Descending Capitol Peak
Special to The Aspen Times
As the aspens start to turn green and the valley gets ready for summer, the summits of the Elk Mountains’ many fourteeners are finally ready to be ridden.
This past week, Nate Goodman and I were lucky enough to have Capitol Peak allow us a rare and sought-after summit descent.
At 14,131 feet, Capitol only ranks as the 29th-tallest fourteener in Colorado, but many would argue it is the most difficult to ski or snowboard.
“You have to want to ride this mountain,” said Goodman, an Avon-based guide and athlete who already has ridden close to 40 of Colorado’s fourteeners. “You have to want to be in the no-fall zone. You have to want to stare the beast in the eyes.”
While the descent of any fourteener can be a daunting prospect, the standard route on Capitol traverses a several-hundred-foot section of 30- to 60-degree snow above a 600-foot band of cliffs. After the traverse, the route heads down a 15-meter rappel to reach a narrow couloir known as the Secret Chute.
The daunting nature of the route means it has seen only a handful of descents. Goodman estimated fewer than 30 people have ridden it, with only around five being snowboarders.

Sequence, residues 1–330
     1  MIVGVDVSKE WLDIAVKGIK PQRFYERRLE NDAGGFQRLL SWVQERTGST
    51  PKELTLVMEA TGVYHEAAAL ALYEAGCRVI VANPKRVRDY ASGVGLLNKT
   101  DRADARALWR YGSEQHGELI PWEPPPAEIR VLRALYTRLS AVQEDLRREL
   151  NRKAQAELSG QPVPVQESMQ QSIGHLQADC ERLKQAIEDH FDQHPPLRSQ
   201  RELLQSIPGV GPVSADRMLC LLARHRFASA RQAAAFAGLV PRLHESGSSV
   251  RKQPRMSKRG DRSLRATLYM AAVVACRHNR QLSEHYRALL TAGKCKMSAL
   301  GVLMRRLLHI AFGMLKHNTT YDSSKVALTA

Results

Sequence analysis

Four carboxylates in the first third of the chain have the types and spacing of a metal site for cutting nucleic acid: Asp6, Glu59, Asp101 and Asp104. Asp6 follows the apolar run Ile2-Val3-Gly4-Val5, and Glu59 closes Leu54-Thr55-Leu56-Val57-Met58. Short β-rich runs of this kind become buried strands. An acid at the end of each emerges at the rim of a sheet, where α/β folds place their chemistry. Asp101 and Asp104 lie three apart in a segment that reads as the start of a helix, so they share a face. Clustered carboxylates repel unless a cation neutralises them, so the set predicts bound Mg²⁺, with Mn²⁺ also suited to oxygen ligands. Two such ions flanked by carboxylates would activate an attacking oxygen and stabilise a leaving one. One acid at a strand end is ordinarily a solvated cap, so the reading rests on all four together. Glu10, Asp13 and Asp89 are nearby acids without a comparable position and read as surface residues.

“A lot comes into play,” Goodman said. “Snow analysis, good route finding, assessment for anchor construction. It’s a real snowboard mountaineering route. You have to be able to step into your abilities (as a rider) while having technical know-how to get through certain sections.”
The condition of the snow is a deciding factor when it comes to riding a peak like Capitol — not only does it need to be firm enough to climb, but it must be safe from the threat of avalanches.
“So many things affect the way the snow holds itself together and to the mountain. It has to be perfect,” Goodman said. “We were fortunate; the wind and cloud cover kept the traverse firmer for the duration of the time we were on the mountain.”
Generally, spring is the only time you can find the perfect conditions and usually only in the early morning, just as the sun begins softening the snow surface. Too early, and the snow is hard as ice; too late, and the snow softens to the point it threatens to slide.
“The riding conditions were unbelievably divine, yet I wouldn’t have wanted to drop a second later,” Goodman said. “I believe in actually riding mountains and was incredibly lucky to be able to make solid turns instead of just surviving and side-slipping my way down.”
“The holistic experience is the coolest part,” Goodman said.
“Capitol Peak is a prominent part of an extremely powerful landscape, and existing in that space is empowering, to understate it.”
Ben Markhart is a local photographer and guide. You can see more of this trip and others at http://www.benmarkhart.com or on Facebook.